Excuses and Decisions
In our hyper-connected world – a place in which anything and everything we do can affect everyone and everything, we can no longer afford the luxury of our former excuses:
“I’m just one person.”
“I just do buildings.”
“That’s not my job. I’m not paid to think about that.”
“If I don’t do it, someone else will.”
“There are too many decisions. I can’t cope.”
“I can’t take responsibility for the effects of my actions on buildings/systems/people/environments/societies [insert context here] downstream.”
As a result, the responsibilities for deciding what to do, how to do it and who to do it for have become almost overwhelming.
As an architectural student at the University of Michigan in the 1970’s, I once lamented my plight in the then-assigned design studio problem to professor Colin Clipson. “I’m struggling”, I confided. “Working through so many options. Trying to make some decisions to narrow the exploration.”
He smiled. “That’s what we do, isn’t it?” he reminded me with empathy, but not sympathy. “It’s our job as design professionals. We make decisions. Deal with it.” The implications, in his groundbreaking design methods course, were: not only did I need to get my attitude right, but I needed to develop some kind of rigor and process for making the countless, thousands and millions of decisions that would confront me over the course of the rest of my life as an architect. Clipson was right. He helped me understand and cope with the magnitude and nature of our jobs as designers – to decide, and to help others do so. How do we go about this? Only by deciding what not to do can we decide what we will do.
Faced with such a multitude of contexts, consider the designer’s plight. At every turn, it’s a head-spinning paradox: do we include more information or decide now? Explore more options or make the call?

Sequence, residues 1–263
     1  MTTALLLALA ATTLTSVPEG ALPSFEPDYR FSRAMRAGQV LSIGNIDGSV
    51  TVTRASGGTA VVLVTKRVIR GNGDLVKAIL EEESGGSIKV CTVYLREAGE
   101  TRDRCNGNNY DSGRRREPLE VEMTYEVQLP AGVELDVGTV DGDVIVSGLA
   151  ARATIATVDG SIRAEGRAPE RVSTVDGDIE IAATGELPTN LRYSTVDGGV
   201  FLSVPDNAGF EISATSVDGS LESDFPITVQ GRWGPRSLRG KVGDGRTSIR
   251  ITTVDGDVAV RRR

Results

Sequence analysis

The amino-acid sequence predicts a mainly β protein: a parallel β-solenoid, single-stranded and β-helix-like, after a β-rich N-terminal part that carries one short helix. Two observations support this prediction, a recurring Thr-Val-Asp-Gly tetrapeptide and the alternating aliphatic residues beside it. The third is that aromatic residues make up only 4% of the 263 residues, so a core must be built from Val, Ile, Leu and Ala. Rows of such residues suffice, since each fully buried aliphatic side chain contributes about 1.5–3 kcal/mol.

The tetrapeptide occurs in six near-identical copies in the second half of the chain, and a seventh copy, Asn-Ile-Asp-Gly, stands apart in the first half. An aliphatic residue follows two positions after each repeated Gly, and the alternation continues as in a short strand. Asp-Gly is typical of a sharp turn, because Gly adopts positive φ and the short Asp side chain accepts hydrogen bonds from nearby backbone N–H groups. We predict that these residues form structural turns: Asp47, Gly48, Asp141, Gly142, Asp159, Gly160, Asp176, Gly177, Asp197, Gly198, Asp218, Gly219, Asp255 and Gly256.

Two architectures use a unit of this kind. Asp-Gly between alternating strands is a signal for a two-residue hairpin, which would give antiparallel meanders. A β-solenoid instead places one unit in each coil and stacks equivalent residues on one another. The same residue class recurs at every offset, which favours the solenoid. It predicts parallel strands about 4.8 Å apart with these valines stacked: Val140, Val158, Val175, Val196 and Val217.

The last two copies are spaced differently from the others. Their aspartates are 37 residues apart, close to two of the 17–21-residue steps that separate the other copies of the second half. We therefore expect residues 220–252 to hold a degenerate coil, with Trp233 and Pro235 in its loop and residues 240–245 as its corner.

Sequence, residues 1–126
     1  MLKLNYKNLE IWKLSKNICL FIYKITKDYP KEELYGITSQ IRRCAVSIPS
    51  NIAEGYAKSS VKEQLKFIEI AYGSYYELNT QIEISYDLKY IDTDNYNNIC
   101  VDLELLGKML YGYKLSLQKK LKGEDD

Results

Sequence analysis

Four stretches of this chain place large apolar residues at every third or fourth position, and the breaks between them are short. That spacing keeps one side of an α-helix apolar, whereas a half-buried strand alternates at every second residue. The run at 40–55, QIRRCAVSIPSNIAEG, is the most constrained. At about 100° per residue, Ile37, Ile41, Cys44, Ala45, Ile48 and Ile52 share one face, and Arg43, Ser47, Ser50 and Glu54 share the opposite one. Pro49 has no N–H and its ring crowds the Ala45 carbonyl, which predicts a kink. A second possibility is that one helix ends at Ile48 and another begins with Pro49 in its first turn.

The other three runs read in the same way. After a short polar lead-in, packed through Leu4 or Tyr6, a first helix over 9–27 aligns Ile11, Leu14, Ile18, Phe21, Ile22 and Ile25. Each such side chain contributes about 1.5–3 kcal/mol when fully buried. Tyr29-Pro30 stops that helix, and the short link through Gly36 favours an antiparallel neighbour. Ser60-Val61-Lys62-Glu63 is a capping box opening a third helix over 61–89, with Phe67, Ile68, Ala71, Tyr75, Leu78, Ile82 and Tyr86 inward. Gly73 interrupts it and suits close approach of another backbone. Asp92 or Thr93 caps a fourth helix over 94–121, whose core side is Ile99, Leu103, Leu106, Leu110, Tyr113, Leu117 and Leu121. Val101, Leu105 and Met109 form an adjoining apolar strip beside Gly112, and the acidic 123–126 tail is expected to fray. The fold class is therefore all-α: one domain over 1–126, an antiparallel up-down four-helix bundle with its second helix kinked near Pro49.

Regardless of our choice, each time we must make the decision with care, evaluate the factors and risks, assess the obstacles and opportunities, and then - using education, experience, judgment and wisdom - make our best guess. It’s what we do. In these instances, no one knows for sure, but leaders must decide. Or do they? Sometimes it’s better to leave the options open and defer the choice until the priorities clarify themselves.
In this respect, the designer’s mindset is a bit like a scene from last year’s Top Gun: Maverick film remake. The flight teams meet for a day of sun, fun and games – sun bronzed bodies and team bonding over beach football. But to make it more lifelike, (or in-flight combat like in their case) they play with a surprise new rule: there are two footballs. Teams must play offense and defense at the same time. Where to focus? That’s the question. Contextual awareness indeed.
In her new book, The Light We Carry, to help us cope with so many possible inputs, Michelle Obama counsels us to tap into “the power of going small” by absorbing ourselves in the detail, focusing and giving our attention to who or what we’re doing at that moment. It’s an existential thing, a positive habit espoused by leading thinkers such as Albert Camus and other advocates of “being present.” Obama reminds us that “jeopardy is woven into the human experience… we must learn how to face anxiety and uncertainty, and how to be ‘comfortably afraid’… There’s a middle zone, a place where we can operate without fear, awake and aware, but not held back… [a place where we] stay balanced and think clearly in its presence.” To support this contention, Mihaly Csikszentmihalyi, the noted psychologist and author of Flow, characterizes this zone as the place where we migrate between boredom and anxiety.
As designers, we do this for a living. We embrace contexts, uncertainties and decisions, knowing all the while that each choice we make closes some doors yet opens paths for others - with associated impacts for the future occupants of our buildings. We test and go beyond the edges of our comfort zones. That’s how we face fear. That’s our courage. While mere mortals would be rendered catatonic faced with so many weighty decisions, we designers dispatch them with aplomb. But it ain’t easy.